Secondly is the cleansing of the register of voters to remove ineligible persons including deceased persons. The National Population Commission (NPC) is the agency saddled with the registration of birth and death in the country and we have an MoU with them. There is a committee working with the NPC to design a template so that we can collect actionable templates to enable us to clean up the register of voters. But beyond that, the law has also empowered the citizens to help the commission to clean up the register. At the end of the CVR, we will publish the register for claims and objections. When we integrate the new registrants with the existing register (84 million voters), the law demands we publish this in all wards and LGAs for claims and objections. At that point, people are supposed to go around and check for ineligible persons on the register. In 2019, we received a few of these. But sometimes, these claims are difficult to verify. So, when it comes to the cleaning of the register, we are always very careful, so we leave it to the agency that has the statutory responsibility to confirm that citizens are alive or dead. But we are also relying on citizens to help us when we paste the register. Based on the projected 95 million registered voters for 2023, we are required to publish the hard copies of the register in all the 8,809 wards and all the 774 LGAs nationwide. For the display alone, the commission will print 9.5 million pages of the document. When it comes to the election proper, we will publish three sets of the register; one in colour to be used at the polling units and two others in black and white, which will bring us to 28.5million pages, only for the register. So this is huge.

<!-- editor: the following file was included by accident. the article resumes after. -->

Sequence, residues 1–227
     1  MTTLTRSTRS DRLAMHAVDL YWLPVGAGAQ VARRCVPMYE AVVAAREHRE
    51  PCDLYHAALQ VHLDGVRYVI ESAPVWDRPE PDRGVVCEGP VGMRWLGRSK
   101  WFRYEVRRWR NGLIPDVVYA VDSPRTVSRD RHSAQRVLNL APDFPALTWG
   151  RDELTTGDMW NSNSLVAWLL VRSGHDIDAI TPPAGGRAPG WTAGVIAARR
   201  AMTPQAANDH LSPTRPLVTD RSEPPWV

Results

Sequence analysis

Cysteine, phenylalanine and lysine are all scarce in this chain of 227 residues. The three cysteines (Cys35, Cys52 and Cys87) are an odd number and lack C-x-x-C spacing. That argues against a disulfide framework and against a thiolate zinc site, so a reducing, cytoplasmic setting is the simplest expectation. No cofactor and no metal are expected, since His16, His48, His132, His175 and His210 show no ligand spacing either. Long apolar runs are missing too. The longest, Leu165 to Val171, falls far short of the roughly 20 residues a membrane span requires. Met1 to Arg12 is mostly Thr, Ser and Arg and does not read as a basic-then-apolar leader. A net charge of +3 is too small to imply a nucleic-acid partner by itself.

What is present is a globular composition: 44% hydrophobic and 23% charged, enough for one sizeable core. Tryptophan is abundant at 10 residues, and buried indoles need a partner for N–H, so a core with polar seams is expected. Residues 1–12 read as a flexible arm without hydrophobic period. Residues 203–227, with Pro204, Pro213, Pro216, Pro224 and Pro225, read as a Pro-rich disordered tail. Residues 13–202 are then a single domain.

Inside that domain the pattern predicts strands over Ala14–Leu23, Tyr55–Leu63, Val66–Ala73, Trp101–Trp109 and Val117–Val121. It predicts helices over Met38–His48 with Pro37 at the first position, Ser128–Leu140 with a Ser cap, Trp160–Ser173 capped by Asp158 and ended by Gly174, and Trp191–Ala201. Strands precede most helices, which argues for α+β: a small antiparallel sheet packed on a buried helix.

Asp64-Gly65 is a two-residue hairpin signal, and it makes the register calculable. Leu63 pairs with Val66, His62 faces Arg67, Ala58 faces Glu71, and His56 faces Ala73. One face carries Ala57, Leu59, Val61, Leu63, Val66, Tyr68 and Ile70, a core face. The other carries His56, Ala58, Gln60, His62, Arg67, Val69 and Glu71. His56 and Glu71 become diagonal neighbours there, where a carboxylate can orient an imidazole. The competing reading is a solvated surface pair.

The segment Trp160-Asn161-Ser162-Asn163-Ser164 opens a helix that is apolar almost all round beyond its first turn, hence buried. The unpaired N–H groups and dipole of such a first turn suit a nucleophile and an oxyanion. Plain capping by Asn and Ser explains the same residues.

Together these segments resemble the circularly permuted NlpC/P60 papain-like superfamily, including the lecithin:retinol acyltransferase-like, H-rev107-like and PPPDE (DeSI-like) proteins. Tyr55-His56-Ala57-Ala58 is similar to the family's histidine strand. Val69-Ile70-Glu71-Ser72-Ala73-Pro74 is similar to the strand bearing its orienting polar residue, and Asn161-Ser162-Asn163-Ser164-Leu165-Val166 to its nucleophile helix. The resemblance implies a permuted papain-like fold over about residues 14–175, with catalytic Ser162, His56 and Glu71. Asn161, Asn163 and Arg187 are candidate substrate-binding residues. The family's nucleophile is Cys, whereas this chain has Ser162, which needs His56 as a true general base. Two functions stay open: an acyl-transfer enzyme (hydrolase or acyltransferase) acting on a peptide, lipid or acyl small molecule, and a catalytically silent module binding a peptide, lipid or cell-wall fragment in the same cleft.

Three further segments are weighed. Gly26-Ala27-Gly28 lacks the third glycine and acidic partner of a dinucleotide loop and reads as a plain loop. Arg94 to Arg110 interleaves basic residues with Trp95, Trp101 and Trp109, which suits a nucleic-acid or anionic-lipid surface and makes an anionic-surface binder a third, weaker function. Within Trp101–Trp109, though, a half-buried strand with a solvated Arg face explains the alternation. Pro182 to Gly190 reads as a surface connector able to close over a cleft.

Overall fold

For those interested in comparison, there are 15 countries in West Africa including Nigeria. The number of registered voters in 2019 was 84 million. The total number of registered voters in the 14 other countries combined is 73 million, which means Nigeria has 11million more registered voters than the whole of West Africa. So, each time elections are conducted in Nigeria, it is like you are conducting an election for the entire sub-region. The registered number of voters in Anambra for instance is more than the registered voters in Liberia. So the election we conducted in Anambra was like an election in Liberia. Osun for instance with 1.9million voters is more than the combined total registered voters in The Gambia, Guinea Bissau and Cape Verde. So the task is huge but we will continue to do our best under the circumstances.